Hilow is a game theory expert (courses at Harvard, Yale, Stanford, and Northwestern) and tournament champion who focuses on mid/high-stakes single-entry/three-entry max
This might be the slate of uncertainty of the 2022 season, with no games over 50.0 and an astounding eight games with game totals of 43.5 or less (remember, 43.5 is a significant betting threshold in the NFL). That leaves only HOU // MIA ((47.0), LV // SEA (47.5), and LAC // ARI (48.5) as the top expected game environments on the slate, and the Dolphins are favored by 14 points, removing that game from consideration for game stacks. The Dolphins have the top Vegas implied team total at 30.5, followed by the Chiefs (28.75), the 49ers (26.0), and the Seahawks and Chargers each tied at 25.75. The Bucs, Jets, Ravens, Bengals, Commanders, Cardinals, and Raiders are the only other teams projected to score more than three touchdowns, with 10 (!!!) total teams projected for under three scores.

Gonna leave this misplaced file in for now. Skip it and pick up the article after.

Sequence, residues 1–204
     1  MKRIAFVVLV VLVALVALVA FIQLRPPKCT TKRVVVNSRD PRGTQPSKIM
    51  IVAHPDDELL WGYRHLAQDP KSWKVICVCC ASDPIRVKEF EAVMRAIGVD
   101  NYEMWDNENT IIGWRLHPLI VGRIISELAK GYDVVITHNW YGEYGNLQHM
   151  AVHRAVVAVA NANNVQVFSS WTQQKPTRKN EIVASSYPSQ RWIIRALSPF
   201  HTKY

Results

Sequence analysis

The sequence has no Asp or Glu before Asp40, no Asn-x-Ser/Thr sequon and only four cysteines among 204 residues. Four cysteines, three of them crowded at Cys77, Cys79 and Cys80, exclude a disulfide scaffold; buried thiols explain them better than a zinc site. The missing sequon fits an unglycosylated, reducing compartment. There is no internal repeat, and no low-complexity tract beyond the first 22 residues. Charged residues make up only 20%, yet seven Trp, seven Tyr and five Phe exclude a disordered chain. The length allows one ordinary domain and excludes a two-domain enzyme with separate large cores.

The first thing I do when breaking down a slate is to look at the game environments that can outperform expectations. From there, I look to teams that can outperform expectations, before looking to the tertiary tier of concentration in order to identify any potential one-offs. Using that practice leads to two games that have a better than average chance at blowing up into something you had to have (LV // SEA and LAC // ARI), and six teams that are worthy of team stacking (MIA, KC, SF, SEA, LAC, and I throw in CIN into this grouping), with the Bucs, Jets, and Ravens the likeliest teams to return GPP-viable one-offs outside of the aforementioned games. And yet, expected ownership is all over the damn place because the field seemingly has no process like this from which to identify potential upside. As you will shortly see, there is not one quarterback or tight end expected to cross my chalk threshold of 15% ownership at each of those positions, and there are only three chalk running backs and three chalk wide receivers. This. Slate. Is. Spread. Out!